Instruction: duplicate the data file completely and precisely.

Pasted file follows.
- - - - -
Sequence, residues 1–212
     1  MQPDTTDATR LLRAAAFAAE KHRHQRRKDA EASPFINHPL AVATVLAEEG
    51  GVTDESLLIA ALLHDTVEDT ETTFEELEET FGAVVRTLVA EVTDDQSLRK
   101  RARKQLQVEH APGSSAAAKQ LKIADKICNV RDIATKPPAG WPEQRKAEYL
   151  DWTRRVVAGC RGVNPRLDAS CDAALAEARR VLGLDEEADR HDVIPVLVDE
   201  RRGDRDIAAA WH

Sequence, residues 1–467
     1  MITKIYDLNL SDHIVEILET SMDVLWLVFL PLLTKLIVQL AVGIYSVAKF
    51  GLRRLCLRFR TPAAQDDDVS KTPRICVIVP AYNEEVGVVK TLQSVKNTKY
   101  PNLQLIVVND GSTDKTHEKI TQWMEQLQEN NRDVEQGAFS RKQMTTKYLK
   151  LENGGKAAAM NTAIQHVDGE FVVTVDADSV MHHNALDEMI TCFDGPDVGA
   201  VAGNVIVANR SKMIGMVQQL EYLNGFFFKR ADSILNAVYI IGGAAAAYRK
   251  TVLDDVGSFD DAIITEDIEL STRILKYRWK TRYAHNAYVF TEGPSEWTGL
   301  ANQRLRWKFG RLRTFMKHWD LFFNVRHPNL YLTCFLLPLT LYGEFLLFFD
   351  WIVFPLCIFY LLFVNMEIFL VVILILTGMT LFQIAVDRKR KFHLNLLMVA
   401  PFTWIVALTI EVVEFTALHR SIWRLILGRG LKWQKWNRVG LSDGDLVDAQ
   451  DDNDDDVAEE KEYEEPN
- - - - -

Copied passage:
Sequence, residues 1–212
     1  MQPDTTDATR LLRAAAFAAE KHRHQRRKDA EASPFINHPL AVATVLAEEG
    51  GVTDESLLIA ALLHDTVEDT ETTFEELEET FGAVVRTLVA EVTDDQSLRK
   101  RARKQLQVEH APGSSAAAKQ LKIADKICNV RDIATKPPAG WPEQRKAEYL
   151  DWTRRVVAGC RGVNPRLDAS CDAALAEARR VLGLDEEADR HDVIPVLVDE
   201  RRGDRDIAAA WH

Sequence, residues 1–467
     1  MITKIYDLNL SDHIVEILET SMDVLWLVFL PLLTKLIVQL AVGIYSVAKF
    51  GLRRLCLRFR TPAAQDDDVS KTPRICVIVP AYNEEVGVVK TLQSVKNTKY
   101  PNLQLIVVND GSTDKTHEKI TQWMEQLQEN NRDVEQGAFS RKQMTTKYLK
   151  LENGGKAAAM NTAIQHVDGE FVVTVDADSV MHHNALDEMI TCFDGPDVGA
   201  VAGNVIVANR SKMIGMVQQL EYLNGFFFKR ADSILNAVYI IGGAAAAYRK
   251  TVLDDVGSFD DAIITEDIEL STRILKYRWK TRYAHNAYVF TEGPSEWTGL
   301  ANQRLRWKFG RLRTFMKHWD LFFNVRHPNL YLTCFLLPLT LYGEFLLFFD
   351  WIVFPLCIFY LLFVNMEIFL VVILILTGMT LFQIAVDRKR KFHLNLLMVA
   401  PFTWIVALTI EVVEFTALHR SIWRLILGRG LKWQKWNRVG LSDGDLVDAQ
   451  DDNDDDVAEE KEYEEPN